Although the current Recommender Systems (RSs) focus on discovering unknown items for users in several domains, users may be particularly interested in consuming items in which they are already familiar. As a result, this study aims to uncover subsets of known items that are useful for recommendations in the present. The main argument highlighted in this study is that past consumption is a rich source of relevant recommendations neglected or underexploited by current RSs. Thus, we propose a methodology to quantify the effectiveness of recommending known items in real domains. Afterwards, we proposed distinct heuristics to search the consumption history of each user items unexpected to be consumed, but potentially relevant. Such heuristics exploit time-related, context-related, and relevance-related information; as well as a combination of these three types of information. Assessments on real collections allowed us to verify the applicability of our methodology. Furthermore, offline evaluations demonstrated that past relevance, consumption recency, and associations with currently consumed items are useful information to model reconsumption. Finally, through a user study with members of Movielens, we verified that users are willing to reconsume some known items and recognized the value in this type of recommendation. Therefore, by exploiting the long history of each user, we are able to match a piece of the user's preference neglected by current RSs, hence, improving the user's satisfaction.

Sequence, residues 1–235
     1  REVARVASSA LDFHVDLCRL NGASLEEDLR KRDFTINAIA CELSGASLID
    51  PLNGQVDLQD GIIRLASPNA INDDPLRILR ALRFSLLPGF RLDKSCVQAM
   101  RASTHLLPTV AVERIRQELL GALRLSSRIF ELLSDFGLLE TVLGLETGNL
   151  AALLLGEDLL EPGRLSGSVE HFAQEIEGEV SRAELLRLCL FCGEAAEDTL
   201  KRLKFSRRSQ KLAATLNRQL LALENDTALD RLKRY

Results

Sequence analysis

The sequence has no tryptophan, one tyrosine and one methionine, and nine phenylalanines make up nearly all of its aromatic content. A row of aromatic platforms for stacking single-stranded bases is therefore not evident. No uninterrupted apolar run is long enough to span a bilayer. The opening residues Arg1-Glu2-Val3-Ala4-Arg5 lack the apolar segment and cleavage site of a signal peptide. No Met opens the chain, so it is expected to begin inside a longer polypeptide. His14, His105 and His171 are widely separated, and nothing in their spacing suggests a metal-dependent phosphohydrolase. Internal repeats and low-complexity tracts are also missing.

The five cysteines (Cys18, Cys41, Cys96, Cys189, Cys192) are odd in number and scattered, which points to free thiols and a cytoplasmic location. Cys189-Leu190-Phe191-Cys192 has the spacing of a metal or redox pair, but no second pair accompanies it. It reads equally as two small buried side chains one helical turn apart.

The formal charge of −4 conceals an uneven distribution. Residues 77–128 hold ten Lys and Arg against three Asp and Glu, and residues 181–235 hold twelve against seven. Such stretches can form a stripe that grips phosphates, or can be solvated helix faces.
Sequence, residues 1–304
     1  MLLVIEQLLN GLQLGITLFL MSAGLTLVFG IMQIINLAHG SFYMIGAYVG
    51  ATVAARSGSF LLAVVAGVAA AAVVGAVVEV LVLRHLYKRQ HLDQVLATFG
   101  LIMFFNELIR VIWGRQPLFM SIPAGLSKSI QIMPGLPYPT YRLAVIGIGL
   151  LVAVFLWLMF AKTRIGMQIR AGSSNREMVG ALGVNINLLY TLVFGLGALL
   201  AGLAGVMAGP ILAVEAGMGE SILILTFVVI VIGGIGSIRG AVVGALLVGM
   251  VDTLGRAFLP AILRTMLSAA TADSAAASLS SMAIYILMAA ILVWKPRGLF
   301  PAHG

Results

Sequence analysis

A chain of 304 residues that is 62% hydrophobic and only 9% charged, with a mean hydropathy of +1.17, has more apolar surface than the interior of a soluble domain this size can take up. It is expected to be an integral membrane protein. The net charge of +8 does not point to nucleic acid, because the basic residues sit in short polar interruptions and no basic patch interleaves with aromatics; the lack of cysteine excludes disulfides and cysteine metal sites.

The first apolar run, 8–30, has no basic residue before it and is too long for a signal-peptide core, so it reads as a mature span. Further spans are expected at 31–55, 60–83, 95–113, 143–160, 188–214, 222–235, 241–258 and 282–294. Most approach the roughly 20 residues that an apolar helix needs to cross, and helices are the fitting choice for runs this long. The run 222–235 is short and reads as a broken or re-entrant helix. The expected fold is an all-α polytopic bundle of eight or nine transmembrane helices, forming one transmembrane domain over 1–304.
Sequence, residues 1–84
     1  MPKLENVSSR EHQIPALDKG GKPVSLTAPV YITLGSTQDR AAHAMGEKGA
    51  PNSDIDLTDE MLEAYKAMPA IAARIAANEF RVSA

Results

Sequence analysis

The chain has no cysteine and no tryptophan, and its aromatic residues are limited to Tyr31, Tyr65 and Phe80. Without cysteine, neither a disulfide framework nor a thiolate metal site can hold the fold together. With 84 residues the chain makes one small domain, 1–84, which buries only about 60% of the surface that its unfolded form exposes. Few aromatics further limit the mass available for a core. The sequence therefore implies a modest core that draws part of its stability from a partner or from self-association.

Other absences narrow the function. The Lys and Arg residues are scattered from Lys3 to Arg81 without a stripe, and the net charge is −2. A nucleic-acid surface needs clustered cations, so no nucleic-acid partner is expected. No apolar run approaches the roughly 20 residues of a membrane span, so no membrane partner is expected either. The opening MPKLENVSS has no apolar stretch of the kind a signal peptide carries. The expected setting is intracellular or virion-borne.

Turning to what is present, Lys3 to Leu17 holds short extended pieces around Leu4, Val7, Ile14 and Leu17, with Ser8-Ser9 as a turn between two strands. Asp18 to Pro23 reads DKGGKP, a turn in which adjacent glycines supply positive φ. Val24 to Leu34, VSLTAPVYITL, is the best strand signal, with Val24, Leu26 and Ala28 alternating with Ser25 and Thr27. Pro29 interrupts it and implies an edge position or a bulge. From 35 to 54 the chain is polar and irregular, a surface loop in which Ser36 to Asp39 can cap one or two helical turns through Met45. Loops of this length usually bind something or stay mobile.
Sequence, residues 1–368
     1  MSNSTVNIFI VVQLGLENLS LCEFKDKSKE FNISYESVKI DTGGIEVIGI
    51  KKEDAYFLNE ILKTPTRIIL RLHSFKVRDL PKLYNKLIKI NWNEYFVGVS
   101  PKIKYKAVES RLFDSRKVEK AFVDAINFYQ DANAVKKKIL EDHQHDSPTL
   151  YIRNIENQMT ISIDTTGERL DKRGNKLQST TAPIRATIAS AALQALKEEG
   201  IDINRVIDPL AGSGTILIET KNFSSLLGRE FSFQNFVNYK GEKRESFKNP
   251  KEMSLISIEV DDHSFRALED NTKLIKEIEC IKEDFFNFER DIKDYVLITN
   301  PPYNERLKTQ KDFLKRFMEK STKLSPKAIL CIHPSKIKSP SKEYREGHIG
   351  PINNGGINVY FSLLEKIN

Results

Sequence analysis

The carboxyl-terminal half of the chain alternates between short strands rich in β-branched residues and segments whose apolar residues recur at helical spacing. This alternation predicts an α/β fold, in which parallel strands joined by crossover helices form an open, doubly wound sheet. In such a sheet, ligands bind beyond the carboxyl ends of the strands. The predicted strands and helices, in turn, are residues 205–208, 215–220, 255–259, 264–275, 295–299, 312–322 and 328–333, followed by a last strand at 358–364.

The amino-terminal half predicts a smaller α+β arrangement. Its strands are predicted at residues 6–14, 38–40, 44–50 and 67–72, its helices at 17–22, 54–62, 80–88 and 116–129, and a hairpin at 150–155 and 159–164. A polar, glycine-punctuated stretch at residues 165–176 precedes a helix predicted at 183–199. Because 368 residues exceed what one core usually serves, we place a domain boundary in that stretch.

Bibliographical noteFunding Information:
This work is partially supported by CAPES , CNPq , Finep , Fapemig , MasWeb and InWeb.
- User modeling